asked the Secretary of State for Foreign Affairs what progress has been made with the arrangements for the proposed conference at Bermuda between the British and the United States Governments concerning the rescue of victims from the Nazi terror; whether the date of the conference has been fixed; the names of the representatives to take part; the terms of reference; and whether the conference will be purely exploratory or will be able to decide on immediate measures of rescue?
While I was in Washington I had the opportunity of discussing this question with Mr. Cordell Hull, and it was decided that the conference should take place at an early date and as soon as the delegates could be assembled. The names of the British and American delegates will be announced as soon as practicable, in agreement with the United States Government. The discussions, for which an agenda has been agreed, will be exploratory in character but will naturally include any measures for relief of refugees, in addition to those already in operation, which may appear immediately practicable to the two Governments.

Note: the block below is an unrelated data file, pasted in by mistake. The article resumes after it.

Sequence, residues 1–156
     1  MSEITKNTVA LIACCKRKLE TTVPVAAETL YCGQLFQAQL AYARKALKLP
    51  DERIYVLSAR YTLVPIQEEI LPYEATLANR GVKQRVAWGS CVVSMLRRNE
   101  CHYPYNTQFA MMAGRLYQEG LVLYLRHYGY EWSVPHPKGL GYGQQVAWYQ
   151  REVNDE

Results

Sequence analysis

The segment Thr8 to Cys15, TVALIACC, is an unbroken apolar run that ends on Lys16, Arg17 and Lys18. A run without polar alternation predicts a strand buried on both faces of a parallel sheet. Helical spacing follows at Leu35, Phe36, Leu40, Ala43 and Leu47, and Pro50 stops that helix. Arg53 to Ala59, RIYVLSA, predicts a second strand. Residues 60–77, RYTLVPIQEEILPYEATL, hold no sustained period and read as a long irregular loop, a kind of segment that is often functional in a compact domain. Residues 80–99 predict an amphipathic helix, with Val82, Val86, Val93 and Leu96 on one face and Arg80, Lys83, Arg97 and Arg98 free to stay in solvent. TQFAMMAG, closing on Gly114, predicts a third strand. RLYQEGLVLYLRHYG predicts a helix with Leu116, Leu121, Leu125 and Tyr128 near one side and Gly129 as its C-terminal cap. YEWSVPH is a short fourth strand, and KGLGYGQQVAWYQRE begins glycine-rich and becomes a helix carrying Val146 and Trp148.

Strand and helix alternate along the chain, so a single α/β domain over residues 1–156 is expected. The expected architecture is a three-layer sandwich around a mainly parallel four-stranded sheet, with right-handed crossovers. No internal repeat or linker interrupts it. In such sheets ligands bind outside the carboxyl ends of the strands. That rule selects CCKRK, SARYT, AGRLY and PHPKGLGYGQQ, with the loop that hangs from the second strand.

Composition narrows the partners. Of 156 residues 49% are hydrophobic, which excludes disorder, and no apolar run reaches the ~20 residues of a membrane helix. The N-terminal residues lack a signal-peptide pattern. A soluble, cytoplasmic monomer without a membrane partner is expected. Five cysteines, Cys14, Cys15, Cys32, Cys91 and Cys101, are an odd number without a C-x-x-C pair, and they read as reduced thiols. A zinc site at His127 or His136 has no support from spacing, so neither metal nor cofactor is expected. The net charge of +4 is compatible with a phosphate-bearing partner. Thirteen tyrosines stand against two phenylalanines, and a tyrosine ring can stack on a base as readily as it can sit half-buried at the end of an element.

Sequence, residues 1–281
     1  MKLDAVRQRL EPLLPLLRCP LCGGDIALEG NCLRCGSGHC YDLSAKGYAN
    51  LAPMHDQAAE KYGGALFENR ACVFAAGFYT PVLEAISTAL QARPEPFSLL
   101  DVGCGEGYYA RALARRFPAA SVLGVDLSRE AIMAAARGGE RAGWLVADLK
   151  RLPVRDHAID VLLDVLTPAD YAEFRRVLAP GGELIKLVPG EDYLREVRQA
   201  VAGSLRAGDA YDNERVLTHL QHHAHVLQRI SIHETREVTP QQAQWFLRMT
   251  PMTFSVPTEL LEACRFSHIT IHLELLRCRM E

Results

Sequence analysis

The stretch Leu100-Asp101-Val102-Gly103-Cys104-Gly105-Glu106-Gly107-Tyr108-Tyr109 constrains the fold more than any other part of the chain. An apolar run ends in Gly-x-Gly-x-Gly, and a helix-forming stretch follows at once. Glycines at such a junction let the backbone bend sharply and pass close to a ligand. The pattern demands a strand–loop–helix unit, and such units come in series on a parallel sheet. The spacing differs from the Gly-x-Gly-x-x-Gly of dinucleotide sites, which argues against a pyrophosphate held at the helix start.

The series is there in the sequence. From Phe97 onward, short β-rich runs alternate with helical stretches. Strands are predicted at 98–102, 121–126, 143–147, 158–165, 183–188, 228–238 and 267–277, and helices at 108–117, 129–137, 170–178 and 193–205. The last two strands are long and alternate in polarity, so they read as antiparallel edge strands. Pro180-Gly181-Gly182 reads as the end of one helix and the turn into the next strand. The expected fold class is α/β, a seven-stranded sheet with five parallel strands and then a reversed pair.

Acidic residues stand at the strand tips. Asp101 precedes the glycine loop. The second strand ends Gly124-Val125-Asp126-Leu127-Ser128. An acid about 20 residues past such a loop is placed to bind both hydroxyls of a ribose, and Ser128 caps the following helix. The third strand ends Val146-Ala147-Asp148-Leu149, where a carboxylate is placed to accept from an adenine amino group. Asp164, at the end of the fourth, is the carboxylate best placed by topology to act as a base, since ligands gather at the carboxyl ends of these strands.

Will it then be possible for the conference to agree on immediate relief measures and not merely to discuss them for reference back to some other body?
I think my answer is clear. It says:
If that is so, they can decide on immediate steps as far as they concern their two Governments. Of course, if they concern other Governments, these will have to be referred to them."naturally include any measures for the relief of refugees in addition to those already in operation."